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—by Bill Watkins 5/4/2018


You go to McDonald’s, you give them five bucks and don’t get much—their prices have gone up recently.  Okay, start over: You go to McDonald’s, you give them eight dollars. In return for that money you get your order, pretty much exactly how you ordered it within a couple minutes, can sit down and eat it or go home and eat it, etc.

There’s a good guarantee that for my money, I get a product I can count on, most of the time.  Once I asked for money back at that restaurant when I saw how tables were uncared for, then they looked at me with scorn when I asked about it.  But most of the time, higher than ninety percent, it goes well, and so that is a business that will see me again.

Movie ticket prices have gone up a lot over the years, but here we go:

Give a movie theater about twelve or fifteen bucks, they will take it and give you a ticket. You enter the theater, have either snuck in cheap candy or suffer to buy overpriced items at the concession counter.  Leaving concessions out, let’s examine the twelve or fifteen bucks for the ticket.  Am I getting a consistent return on that money? Is it guaranteed?

Today’s multiplex has many theaters and screens in one place.  I buy a ticket to go to a showing of a film in one of the many theaters at a location, walk in, catch some previews if I’m responsibly, respectfully on time, then my movie begins.

I think it’s reasonable to think that for the money I paid for the ticket, I am entitled a soundtrack mixed with color/light/sound that combines with emotive elements like dialogue and music, story.  It’s a grand escape!! Sometimes one can even come away with a moral, but that is not to be expected, only hoped for…

So what guarantees I get a basic soundtrack and visual story?  Are there ushers inside the house when the film is running?  Is there a quiet manager overseeing, making sure no one talks, uses their phone, or puts their feet up on my armrest or seat, adding shoe odor to my popcorn grab and taste?

While they make checks, most theaters today are self-managed by patrons, and if something goes wrong—it is the patron that spots the problem first, comes out to the lobby and reports it to movie theater personnel.  What they are not doing when they come out to report a problem to staff is, of course: Watching the movie.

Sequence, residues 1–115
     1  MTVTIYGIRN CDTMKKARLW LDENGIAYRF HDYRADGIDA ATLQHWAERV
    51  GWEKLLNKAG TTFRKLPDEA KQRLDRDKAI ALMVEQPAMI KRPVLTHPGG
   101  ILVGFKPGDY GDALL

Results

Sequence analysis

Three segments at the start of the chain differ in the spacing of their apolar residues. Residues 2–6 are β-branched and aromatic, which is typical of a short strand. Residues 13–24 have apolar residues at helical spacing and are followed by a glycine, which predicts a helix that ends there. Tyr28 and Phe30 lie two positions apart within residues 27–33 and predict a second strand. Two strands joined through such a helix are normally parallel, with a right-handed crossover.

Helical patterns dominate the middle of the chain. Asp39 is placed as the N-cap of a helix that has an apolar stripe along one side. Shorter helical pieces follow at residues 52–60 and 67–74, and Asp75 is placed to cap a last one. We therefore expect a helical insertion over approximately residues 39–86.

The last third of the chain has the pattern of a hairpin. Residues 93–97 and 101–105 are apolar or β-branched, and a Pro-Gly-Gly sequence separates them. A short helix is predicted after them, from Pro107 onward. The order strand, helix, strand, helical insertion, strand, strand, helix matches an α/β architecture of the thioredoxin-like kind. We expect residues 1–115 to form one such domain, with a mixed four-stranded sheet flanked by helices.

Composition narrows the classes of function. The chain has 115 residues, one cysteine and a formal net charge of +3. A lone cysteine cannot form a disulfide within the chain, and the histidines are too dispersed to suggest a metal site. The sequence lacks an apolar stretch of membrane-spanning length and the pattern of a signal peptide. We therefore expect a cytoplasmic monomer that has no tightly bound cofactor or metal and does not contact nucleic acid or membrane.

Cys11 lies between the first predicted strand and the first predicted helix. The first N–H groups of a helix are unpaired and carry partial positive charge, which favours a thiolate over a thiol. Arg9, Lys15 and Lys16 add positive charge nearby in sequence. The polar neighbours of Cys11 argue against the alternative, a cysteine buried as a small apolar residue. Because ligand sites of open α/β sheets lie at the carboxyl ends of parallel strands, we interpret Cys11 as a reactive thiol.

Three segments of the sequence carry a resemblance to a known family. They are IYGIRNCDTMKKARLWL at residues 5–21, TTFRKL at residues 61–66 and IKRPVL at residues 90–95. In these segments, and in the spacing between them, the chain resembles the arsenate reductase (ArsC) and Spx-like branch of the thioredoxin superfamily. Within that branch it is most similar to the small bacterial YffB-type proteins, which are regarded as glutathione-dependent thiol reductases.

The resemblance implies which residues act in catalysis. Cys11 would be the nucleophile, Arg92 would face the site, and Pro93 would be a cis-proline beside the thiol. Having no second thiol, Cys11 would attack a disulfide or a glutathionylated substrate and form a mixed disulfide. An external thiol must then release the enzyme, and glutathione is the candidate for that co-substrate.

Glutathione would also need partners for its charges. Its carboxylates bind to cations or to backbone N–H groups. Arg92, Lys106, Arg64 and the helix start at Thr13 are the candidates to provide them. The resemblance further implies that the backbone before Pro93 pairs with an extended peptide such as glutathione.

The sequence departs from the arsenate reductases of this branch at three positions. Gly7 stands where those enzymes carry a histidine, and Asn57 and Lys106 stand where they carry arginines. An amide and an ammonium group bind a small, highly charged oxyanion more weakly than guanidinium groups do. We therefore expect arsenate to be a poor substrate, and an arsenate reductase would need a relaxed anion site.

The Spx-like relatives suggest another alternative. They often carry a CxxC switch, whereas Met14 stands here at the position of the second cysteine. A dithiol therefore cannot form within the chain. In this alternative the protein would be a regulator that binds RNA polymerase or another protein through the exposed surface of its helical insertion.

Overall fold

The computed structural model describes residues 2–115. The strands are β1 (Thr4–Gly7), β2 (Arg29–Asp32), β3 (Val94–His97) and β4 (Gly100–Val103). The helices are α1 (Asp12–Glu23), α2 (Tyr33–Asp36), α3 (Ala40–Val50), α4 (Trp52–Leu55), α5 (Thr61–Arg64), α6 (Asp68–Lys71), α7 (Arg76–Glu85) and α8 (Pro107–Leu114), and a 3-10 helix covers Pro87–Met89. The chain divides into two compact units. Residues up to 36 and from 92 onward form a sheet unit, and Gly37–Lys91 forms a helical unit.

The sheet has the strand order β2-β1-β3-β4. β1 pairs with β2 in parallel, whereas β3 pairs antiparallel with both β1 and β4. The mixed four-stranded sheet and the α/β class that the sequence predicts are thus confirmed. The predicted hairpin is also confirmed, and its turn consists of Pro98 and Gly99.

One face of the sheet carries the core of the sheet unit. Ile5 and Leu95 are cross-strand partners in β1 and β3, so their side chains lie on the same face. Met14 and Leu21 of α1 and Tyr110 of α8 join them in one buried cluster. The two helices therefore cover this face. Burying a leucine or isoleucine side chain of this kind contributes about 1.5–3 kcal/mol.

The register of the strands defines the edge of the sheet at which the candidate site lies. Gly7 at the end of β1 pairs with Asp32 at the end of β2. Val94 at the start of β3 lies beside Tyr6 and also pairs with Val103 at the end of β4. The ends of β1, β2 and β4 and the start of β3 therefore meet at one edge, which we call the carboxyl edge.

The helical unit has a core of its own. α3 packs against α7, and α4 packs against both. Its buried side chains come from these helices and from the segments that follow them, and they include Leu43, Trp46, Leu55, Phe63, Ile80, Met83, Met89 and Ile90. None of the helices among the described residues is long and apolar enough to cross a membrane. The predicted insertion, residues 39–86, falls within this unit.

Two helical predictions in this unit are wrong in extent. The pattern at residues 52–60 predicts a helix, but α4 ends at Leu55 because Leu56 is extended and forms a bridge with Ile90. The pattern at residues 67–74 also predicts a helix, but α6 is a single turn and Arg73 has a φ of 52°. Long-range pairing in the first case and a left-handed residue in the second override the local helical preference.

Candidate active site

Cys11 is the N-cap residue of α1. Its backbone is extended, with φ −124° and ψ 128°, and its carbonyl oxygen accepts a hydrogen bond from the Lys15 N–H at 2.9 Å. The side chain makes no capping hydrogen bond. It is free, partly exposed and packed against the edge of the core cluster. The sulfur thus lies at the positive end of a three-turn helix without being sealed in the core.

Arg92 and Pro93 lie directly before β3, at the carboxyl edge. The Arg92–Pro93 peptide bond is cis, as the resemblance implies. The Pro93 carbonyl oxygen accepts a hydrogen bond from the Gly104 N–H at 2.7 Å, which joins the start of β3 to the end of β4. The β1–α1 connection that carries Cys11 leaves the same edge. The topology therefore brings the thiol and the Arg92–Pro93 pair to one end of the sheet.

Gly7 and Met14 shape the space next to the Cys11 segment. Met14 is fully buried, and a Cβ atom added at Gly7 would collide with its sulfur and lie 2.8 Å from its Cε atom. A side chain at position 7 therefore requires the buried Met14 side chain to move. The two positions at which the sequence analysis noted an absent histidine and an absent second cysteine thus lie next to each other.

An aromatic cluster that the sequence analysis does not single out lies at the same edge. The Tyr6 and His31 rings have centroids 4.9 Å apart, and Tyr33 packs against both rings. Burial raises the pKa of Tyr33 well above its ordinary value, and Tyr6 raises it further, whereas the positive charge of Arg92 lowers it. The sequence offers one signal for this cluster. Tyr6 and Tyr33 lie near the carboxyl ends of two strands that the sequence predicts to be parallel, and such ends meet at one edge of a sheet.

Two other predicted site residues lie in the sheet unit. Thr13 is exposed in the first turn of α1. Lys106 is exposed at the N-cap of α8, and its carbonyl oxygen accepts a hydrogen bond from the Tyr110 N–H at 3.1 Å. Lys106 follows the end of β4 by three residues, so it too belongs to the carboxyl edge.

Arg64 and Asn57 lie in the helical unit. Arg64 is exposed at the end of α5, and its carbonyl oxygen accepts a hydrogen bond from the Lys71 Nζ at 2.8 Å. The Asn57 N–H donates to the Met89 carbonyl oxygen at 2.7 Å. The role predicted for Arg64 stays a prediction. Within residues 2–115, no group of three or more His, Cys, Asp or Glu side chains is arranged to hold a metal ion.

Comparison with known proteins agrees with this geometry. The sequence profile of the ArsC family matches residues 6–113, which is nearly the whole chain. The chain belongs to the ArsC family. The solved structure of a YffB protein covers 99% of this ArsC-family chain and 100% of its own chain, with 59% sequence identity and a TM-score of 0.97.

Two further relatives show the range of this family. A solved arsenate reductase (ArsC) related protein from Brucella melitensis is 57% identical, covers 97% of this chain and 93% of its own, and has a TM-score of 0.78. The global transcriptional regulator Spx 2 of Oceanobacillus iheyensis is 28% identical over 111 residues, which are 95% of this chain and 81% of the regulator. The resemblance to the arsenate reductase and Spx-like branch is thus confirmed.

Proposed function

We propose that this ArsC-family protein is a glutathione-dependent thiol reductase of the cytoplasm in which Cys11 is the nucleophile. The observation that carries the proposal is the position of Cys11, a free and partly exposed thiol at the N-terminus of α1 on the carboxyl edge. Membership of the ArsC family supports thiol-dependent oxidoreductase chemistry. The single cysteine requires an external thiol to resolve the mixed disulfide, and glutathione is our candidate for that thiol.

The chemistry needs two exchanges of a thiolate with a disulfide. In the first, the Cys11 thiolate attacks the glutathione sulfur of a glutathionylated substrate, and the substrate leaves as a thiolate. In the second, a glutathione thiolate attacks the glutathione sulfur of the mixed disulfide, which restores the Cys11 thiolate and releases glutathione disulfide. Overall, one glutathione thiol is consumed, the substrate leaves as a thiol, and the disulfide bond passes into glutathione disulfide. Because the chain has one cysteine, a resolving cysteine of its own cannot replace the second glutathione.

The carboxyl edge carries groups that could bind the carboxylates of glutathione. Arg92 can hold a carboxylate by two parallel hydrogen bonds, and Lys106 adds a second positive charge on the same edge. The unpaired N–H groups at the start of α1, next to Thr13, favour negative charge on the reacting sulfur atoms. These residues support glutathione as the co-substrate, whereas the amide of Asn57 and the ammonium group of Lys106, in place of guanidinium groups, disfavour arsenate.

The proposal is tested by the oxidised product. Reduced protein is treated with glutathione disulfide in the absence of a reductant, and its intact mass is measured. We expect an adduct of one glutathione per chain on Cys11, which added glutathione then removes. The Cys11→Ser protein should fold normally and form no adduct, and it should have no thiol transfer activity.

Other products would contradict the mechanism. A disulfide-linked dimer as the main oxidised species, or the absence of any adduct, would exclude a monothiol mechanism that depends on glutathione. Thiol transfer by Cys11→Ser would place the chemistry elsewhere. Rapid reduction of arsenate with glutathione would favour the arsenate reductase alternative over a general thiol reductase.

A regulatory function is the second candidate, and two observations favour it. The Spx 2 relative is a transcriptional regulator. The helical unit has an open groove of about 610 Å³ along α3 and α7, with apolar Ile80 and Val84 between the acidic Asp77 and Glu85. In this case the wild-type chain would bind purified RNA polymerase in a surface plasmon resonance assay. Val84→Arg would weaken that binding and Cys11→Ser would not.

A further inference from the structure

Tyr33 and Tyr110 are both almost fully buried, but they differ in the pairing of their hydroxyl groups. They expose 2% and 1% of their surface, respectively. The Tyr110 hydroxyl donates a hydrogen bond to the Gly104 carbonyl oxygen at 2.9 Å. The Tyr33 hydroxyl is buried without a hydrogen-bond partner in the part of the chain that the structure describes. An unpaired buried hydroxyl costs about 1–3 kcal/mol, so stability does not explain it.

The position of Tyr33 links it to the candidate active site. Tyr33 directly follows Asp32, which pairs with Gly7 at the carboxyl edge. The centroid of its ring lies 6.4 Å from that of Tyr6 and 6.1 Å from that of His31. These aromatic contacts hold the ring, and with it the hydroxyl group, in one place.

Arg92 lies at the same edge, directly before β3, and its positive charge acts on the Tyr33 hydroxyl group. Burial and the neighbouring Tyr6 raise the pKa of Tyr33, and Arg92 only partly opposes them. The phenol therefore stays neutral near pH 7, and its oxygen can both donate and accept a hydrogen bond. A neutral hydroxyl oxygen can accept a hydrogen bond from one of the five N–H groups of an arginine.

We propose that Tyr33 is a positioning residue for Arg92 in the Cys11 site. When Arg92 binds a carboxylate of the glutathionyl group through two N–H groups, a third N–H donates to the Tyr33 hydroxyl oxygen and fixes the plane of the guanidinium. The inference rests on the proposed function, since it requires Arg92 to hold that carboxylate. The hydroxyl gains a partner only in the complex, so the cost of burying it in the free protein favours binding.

Patrons are often sold tickets late, come in late, and name a theater that really patrols and stops that flow.  As movies are an illusion, an escape into another world, how does a patron feel when in the middle of that ride—some latecomer comes in with a cellphone light on, looking for their seat as the opening music and dialogue attempt to thrill?

How does my fifteen bucks feel, gone from my account in hopes of entertainment, in the bank of businesses who think customers can be trusted with following movie theater policy and law inside presentation rooms.

“But no one complained” might become an anthem to get by week after week, but shouldn’t a theater know that many people do not complain.  For shyness or whatever reason, many are just more likely to not come back.  To give up on paying for movies they may not enjoy because of lack of theater rule enforcement.

I stopped paying for movies a couple years ago.  I went in to see Moana for a second time so I could be with my girlfriend when she saw it for her first.  No usher helped, so I closed our theater door at start time, but the jam stuck so I could not kick it.  I reached down to unlatch it, cut myself.

No usher or theater personnel was in sight.

That’s the state of movie presentation in today’s multiplex. I work at one now, and so enjoy free movies full of the above-listed problems.  But I would not pay for one at this time; not until theater policy is enforced, patrons cared for, and a good experience guaranteed by presenters.